Mel Gibson staked $30 million and his superstar reputation on this painstakingly bloody interpretation of the death and resurrection of Jesus Christ, all the while dodging charges of anti-semitism and fostering excruciating cinematic gore at the expense of Christ's message (a notion that also begs some uncomfortable questions about this version's S&M undertones). But because the film's dialog plays out in ancient authentic language dialects, John Debney's musical score takes on an even more central dramatic role. In some ways an unlikely choice as composer (having cut his teeth on many a lightweight comedy and kidflick) Debney nonetheless rises to the challenge, first conjuring up a synth-laden soundscape whose gothic moodiness should be familiar to admirers of the work of Lisa Gerrard, then seasoning it with indigenous instruments, booming percussion and ancient modalities that give the score an almost palpable sense of time and place.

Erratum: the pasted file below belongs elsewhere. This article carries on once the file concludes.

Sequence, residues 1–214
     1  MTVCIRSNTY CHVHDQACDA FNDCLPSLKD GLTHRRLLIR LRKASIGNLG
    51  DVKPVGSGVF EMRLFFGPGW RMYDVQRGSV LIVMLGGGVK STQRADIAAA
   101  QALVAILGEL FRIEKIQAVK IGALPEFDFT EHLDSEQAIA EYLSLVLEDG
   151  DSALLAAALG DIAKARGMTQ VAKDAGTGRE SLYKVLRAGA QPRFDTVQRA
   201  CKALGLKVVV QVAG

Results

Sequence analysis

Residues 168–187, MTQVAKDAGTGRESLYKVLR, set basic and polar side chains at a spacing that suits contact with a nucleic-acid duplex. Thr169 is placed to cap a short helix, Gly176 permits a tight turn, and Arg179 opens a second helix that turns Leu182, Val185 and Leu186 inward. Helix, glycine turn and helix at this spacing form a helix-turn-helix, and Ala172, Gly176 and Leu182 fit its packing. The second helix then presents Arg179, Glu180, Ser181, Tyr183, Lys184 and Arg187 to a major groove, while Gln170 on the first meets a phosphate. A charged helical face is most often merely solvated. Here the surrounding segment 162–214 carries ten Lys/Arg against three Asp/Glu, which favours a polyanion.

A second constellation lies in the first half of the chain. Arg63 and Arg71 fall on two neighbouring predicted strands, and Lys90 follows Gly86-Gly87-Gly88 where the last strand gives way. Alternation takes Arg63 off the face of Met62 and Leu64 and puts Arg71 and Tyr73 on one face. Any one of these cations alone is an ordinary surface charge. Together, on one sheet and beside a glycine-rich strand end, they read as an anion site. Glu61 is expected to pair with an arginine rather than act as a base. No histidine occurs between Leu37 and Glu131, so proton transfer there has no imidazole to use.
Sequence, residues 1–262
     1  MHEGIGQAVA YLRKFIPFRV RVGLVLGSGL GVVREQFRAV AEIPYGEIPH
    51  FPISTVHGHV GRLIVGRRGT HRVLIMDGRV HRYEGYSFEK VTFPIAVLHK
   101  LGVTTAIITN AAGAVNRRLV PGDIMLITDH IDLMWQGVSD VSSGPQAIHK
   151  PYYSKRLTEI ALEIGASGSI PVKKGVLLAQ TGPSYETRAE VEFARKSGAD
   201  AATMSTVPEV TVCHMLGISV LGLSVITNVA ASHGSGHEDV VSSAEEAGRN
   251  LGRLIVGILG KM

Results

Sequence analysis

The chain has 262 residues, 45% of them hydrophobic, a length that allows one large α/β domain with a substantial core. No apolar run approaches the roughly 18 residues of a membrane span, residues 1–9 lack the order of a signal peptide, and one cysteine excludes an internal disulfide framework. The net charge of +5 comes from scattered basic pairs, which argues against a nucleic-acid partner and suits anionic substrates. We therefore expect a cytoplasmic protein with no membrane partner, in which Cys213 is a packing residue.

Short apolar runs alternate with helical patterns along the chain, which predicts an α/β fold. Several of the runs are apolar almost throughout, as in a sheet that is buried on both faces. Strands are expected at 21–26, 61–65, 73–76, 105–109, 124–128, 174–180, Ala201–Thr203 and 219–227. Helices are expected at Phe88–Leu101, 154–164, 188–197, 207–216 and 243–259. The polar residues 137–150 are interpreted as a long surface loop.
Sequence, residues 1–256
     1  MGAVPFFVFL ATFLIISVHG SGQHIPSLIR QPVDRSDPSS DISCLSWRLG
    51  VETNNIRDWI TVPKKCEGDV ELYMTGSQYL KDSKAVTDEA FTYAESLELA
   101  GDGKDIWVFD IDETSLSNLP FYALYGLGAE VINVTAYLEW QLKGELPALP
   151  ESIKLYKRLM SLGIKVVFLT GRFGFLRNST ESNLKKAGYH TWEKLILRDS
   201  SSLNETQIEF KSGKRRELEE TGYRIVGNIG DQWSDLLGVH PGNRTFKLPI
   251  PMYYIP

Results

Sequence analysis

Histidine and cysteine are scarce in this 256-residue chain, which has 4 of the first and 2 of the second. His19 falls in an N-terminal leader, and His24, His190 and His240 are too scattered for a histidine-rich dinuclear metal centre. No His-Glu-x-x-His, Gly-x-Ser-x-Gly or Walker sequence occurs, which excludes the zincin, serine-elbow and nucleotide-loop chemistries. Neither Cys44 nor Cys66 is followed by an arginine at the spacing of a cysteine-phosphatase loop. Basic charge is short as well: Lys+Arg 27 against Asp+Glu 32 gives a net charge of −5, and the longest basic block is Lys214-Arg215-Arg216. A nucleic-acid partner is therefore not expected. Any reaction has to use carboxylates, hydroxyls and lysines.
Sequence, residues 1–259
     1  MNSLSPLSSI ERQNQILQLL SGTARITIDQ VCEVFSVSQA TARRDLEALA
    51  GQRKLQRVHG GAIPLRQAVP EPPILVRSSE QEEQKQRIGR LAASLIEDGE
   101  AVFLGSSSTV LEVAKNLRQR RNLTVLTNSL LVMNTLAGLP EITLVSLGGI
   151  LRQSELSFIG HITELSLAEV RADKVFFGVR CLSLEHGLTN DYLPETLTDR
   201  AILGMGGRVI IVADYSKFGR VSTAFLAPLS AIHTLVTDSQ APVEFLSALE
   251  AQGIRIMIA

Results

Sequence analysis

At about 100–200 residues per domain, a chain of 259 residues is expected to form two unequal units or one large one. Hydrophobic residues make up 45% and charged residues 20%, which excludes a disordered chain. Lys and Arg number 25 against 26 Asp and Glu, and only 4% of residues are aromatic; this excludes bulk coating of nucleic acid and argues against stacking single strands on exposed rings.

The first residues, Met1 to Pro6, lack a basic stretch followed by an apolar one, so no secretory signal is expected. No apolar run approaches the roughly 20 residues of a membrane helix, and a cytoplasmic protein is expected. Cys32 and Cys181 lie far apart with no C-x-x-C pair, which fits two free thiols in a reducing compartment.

As did Jeff Danna on his earlier score for the gentler, de facto companion piece, The Gospel of John, Debney eventually gets 'round to genuflecting towards some Hollywood choral and melodic traditions (the Gospels themselves having arguably helped lay the original foundations for Tinseltown's venerable three-act structure), but there's nothing cheap about his music of triumph and redemption, rooted as ever in roiling currents of ancient spiritual mysticism. Gibson's vision of the Passion has had many second-guessing his motivations and choices, but Debney's rich, evocative score proves there's nothing wrong with his ears. -- Jerry McCulley